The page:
The Difference Between American & International Style

Updated: Apr 30

There are two overarching styles of ballroom that are commonly danced around the World. For beginner dancers, knowing the differences between the American and International styles isn't always easy. This post will help explain the defining characteristics of each style and how they differ from one another. Let's get into it!


The Origins


One important difference to consider is the origin of each style. Their unique histories can tell us a lot about how these styles evolved over time. The International Style, also sometimes called "English Style" originated in the royal courts of Europe around the 17th & 18th centuries. Many of the dances were based upon traditional folk dances of European nations and were performed at court by societal elites. Competitive ballroom dancing started in London in the 1920s, with the preferred aesthetic being quiet and understated. The Imperial Society of Teachers of Dancing, an organization founded in 1904 with the mission of educating the public on all forms of dance, quickly developed standards for each dance style. The organization created an internationally-recognized syllabus that is still in use today.


The American Style of ballroom dance was, at its core, a social endeavor. Traditional styles such as Waltz, Tango, Foxtrot, and Swing were made popular in the US throughout the 1920s and 1930s by famous performers like Fred Astaire, Ginger Rogers, and Gene Kelly. But in the nightclubs and dance halls of America's cities, the public was putting their own unique spin on each style - a spin that could definitely not be categorized as quiet or understated. Official, organized ballroom competitions in the US didn't come about until the 1980s when the American Ballroom Company hosted the first United States Dancesport Championships. Today, although not officially recognized internationally, the American style is quickly gaining popularity worldwide for its openness and creative license.



The Dances


The second major difference between these two styles is the dances they feature. This chart helps explain which individual dance styles fall under which category:

You've probably noticed that there is some overlap between styles - so what makes the American Waltz different than the International Waltz? It really comes down to style.



American Smooth vs. International Ballroom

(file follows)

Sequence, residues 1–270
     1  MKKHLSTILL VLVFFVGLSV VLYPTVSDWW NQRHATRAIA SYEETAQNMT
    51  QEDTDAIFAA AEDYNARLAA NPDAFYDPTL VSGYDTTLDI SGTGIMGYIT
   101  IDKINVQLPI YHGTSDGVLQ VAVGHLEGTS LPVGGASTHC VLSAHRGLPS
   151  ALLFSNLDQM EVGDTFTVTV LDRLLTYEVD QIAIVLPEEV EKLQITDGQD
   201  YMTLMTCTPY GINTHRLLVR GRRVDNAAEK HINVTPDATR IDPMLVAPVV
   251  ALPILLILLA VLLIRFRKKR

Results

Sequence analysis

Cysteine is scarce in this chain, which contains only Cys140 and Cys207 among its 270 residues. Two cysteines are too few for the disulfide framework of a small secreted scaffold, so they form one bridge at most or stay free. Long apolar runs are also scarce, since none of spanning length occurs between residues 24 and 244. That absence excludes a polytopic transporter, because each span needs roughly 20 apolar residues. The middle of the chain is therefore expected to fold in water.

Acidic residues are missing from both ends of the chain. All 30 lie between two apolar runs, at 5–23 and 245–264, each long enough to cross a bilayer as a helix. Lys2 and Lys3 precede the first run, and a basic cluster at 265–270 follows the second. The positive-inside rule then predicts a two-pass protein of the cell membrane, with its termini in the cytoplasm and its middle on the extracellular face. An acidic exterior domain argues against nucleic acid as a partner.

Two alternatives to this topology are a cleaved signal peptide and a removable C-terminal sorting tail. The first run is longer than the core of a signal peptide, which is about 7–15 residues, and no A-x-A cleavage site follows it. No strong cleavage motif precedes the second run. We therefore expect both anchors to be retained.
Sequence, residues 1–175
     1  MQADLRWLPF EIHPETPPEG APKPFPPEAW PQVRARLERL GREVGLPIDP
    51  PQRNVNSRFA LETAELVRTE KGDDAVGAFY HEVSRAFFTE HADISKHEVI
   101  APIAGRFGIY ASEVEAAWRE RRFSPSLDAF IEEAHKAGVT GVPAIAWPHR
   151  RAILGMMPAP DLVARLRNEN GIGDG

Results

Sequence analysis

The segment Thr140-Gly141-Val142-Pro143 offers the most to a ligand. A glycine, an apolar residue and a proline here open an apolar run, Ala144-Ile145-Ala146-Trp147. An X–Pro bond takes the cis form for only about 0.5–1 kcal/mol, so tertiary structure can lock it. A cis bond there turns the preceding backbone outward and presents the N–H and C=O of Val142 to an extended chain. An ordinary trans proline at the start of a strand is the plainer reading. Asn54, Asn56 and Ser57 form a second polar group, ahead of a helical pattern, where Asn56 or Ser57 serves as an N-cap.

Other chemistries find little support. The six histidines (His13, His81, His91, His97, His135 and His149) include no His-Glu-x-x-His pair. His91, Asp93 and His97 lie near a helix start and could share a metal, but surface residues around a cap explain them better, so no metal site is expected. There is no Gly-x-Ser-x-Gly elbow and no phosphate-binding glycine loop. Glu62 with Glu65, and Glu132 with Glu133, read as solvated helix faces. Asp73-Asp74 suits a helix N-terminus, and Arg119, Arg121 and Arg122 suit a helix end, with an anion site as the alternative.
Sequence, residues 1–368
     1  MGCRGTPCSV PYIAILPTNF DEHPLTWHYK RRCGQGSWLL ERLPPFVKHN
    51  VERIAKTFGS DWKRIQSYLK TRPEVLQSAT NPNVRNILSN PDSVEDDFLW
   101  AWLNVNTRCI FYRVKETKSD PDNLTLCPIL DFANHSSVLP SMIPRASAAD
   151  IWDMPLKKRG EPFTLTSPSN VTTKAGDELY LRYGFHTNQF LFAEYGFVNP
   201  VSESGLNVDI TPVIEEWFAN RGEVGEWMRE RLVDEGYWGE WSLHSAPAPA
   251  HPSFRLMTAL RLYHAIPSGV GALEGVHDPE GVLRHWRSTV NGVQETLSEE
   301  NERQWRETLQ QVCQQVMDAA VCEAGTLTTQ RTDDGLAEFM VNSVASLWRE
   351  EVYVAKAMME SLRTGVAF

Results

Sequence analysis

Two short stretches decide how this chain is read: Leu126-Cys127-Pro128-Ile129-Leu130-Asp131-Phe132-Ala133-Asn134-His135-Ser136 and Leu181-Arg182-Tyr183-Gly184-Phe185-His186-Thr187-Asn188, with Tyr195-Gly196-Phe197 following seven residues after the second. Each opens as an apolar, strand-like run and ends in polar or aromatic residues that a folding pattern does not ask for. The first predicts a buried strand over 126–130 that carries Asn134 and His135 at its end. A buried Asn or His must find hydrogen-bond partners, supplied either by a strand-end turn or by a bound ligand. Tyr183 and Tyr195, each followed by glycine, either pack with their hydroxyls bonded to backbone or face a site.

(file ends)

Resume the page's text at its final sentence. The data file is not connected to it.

These two styles share a lot of the same dances, but they aren't performed in the exact same way. While the core "personality" of each dance is similar in both styles, there are some major differences in how they are danced:


  • Frame: In the American Style, dancers are encouraged to break out of their traditional frame into open positions like Shadow and Side-By-Side. It creates an interesting dynamic that speaks directly to the social origins of the American Style. In the International Style, dancers are expected to maintain their closed frame throughout the duration of each dance, fluidly transitioning between positions like Promenade and Outside Partner. The understated elegance of the closed frame reflects the preferred aesthetic of International Style from its inception.


  • Styling: American Smooth has evolved in the past few decades from an open version of International Ballroom into a completely different animal. Now, Smooth dancers often look to Latin and Rhythm styles for inspiration. While somewhat controversial among judging panels, it isn't uncommon to see elements of Paso Doble in Tango or West Coast Swing in the Foxtrot. Meanwhile, International Ballroom remains steeped in tradition, emphasizing technical perfection over flashy or risky styling choices.


  • Costuming: American Smooth dancers tend to opt for fewer layers of fabric on their skirts, often with single or even double slits to allow for more range of motion in the legs. Typically, their skirts are longer and made of lighter materials like chiffon or lightweight satin. In recent years, shoemakers have even developed innovative styles with added flexibility to meet the needs of American Smooth Dancers. Men also have more options, some opting for only shirts and vests, others for jackets, and a range of colors from emerald to grey, black, and navy blue. On the International side, women dancers have fuller and shorter skirts to show off perfected footwork. They also wear floats (pieces of fabric that connect from each wrist to their back) in order to accentuate their frame. The men wear costumes reminiscent of tuxedos, complete with tails, and always in solid black.


Check out these videos of the United States Dance Championships for more reference on the differences between American Smooth and International Ballroom.


American Smooth - USDC


International Ballroom - USDC



American Rhythm vs International Latin


On the Rhythm/Latin side, there are fewer dances shared by the two styles, but the differences are equally as important to competing dancers to know.


  • Legwork: In American Rhythm, the emphasis is placed on the bent knee. This means that whenever a dancer takes a step, they will transfer weight onto the new foot while the leg is still bent. This technique gives American Smooth a lower, more grounded aesthetic. The one exception is in progressive patterns that travel more than one step forward or back (think open Cuban walks). In this instance, most Rhythm dancers will opt for the Latin style of weight transfer. In International Latin dances, the emphasis is placed on a straight leg. When taking a step, dancers will straighten the landing leg before shifting weight. This technique gives Latin a very sleek, elongated aesthetic.

0 views0 comments

Recent Posts

See All